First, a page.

Hawaiian Hula Dancing
May 5, 2018
1:30 pm - 3:30 pm
Dance Performance and a Hands-on Workshop
Free and Open to All Ages!
Aloha Hula NYC performers have been sharing Hawaiian and Polynesian culture for over 20 years across the US and abroad including Australia, the Philippines and Bahrain in the Middle East. The company regularly shares “Aloha” in the tri-state area. The bold prints and colors of the handmade costumes come to their right as the dancers move to the music.
Aloha is the Hawaiian word for love, affection, peace, compassion and mercy that is commonly used as a simple greeting.
The hula dance was developed in the Hawaiian Islands by the Polynesians who originally settled there in ancient times before a written language existed. The hula dramatizes or portrays the stories told in the oli (chants without instruments) or mele (song with instruments often performed by a group) in a visual dance form. There are many sub-styles of hula, with the main two categories being Hula ʻAuana (modern) and Hula Kahiko (traditional). Hula is much more than just dance. It is the heartbeat of the Hawaiian people. The dance and chants played an important role in keeping history, genealogy, mythology and culture alive. With each movement – a hand gesture, step of foot, swaying of hips – a story unfolds. It is an expression of history, religion and the human spirit and through it; the Native Hawaiians were connected with their land and their gods. And now you get to be connected to this history through a wonderful performance.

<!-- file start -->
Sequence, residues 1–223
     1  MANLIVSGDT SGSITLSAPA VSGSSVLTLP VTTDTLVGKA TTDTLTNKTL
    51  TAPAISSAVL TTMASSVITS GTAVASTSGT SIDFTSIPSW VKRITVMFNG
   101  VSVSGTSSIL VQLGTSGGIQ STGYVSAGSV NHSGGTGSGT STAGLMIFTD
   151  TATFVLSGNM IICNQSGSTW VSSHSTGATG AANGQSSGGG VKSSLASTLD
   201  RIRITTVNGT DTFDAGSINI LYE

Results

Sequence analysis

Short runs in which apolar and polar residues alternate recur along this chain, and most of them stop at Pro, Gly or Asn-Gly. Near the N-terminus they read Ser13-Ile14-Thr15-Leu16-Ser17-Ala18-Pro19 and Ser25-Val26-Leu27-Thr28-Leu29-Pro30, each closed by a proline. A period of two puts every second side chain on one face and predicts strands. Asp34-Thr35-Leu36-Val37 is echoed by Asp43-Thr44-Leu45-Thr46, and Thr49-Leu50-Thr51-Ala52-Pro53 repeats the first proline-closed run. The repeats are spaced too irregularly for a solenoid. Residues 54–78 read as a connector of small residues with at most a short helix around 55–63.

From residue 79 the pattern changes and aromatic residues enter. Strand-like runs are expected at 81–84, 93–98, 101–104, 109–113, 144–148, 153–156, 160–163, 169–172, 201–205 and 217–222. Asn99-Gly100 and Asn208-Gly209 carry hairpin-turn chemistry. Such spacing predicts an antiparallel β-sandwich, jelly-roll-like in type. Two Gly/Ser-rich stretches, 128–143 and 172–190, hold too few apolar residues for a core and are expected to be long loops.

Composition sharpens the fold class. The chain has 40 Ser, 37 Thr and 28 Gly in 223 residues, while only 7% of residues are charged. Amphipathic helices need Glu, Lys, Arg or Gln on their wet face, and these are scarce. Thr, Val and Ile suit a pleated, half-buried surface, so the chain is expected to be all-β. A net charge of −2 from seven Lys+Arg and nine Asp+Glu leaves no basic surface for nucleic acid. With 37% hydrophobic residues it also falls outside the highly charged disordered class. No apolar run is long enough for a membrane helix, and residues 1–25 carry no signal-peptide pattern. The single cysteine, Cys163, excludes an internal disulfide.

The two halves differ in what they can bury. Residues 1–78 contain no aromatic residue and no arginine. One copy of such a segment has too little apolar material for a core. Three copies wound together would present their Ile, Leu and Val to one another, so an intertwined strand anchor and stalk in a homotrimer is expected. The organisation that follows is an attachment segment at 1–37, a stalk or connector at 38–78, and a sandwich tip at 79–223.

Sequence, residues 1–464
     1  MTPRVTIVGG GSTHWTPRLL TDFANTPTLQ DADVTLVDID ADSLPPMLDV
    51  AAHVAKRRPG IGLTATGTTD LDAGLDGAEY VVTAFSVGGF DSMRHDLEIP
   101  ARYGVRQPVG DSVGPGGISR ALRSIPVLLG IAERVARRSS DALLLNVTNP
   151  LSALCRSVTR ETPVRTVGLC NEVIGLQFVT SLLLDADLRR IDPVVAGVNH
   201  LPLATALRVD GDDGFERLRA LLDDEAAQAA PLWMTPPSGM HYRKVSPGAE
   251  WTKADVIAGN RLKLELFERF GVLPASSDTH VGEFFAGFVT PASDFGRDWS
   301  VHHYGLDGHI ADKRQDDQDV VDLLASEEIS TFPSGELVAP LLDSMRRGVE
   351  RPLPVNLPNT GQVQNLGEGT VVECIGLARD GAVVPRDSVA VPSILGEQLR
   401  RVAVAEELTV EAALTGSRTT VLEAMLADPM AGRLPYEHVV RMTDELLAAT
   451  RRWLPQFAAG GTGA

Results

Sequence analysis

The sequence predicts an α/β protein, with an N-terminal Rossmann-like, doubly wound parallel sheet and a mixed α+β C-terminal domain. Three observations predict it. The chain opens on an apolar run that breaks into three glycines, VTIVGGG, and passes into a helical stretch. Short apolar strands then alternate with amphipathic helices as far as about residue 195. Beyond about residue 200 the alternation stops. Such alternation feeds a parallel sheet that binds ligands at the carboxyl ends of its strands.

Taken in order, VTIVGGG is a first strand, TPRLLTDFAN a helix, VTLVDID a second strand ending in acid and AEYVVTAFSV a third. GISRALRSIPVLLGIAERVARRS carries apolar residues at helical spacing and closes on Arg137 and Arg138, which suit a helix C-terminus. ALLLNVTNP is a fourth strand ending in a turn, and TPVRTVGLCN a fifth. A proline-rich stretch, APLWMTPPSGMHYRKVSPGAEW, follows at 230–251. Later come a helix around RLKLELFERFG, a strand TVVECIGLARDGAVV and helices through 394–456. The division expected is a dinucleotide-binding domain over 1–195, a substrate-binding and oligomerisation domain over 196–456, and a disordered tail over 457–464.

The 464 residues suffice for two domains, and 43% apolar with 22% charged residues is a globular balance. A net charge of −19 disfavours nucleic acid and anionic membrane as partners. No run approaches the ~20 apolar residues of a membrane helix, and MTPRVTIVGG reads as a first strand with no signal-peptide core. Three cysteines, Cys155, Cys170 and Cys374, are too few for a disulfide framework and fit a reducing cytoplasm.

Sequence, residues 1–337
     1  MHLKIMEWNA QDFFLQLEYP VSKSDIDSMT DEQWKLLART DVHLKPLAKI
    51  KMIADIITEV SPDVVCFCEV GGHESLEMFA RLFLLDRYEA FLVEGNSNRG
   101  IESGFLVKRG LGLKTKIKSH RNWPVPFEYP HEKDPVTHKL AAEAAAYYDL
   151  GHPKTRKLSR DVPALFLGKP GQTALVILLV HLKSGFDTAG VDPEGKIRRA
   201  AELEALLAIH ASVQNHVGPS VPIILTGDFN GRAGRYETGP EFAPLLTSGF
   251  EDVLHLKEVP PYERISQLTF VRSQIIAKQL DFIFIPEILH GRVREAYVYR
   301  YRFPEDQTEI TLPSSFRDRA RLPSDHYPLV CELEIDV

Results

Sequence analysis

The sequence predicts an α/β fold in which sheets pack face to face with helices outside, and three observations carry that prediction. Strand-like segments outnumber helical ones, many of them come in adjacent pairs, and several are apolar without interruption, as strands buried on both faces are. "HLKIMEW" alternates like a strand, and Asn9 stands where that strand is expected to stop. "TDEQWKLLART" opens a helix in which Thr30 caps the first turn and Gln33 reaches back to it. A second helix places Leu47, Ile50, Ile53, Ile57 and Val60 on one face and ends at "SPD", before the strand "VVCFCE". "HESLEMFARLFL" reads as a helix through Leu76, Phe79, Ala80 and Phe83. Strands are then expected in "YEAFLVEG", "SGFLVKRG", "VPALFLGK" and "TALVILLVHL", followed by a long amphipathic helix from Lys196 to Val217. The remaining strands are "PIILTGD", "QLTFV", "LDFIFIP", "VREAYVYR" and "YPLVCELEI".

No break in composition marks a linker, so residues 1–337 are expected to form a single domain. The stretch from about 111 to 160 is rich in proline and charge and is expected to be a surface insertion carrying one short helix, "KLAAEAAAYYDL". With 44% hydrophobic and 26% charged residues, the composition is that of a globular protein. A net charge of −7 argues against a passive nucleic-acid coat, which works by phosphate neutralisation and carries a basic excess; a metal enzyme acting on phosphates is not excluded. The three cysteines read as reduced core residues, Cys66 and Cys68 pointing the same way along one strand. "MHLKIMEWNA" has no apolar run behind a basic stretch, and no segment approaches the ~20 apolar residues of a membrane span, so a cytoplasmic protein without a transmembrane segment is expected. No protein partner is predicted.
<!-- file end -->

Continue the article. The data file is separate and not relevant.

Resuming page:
The workshop following the dance will be held by the very inventive PAC teacher Donna Ross. Ms. Ross has a BFA from the School of Visual Arts and has taught children at Pelham Art Center for many years. She is a ceramicist, fine arts painter as well as a decorative, mural, and faux painter and restorer. In the workshop you will be making fun lei inspired necklaces. A lei is a garland or wreath. More loosely defined, a lei is any series of objects strung together with the intent to be worn. The most popular concept of lei in Hawaiian culture is a wreath of flowers presented upon arriving or leaving as a symbol of affection.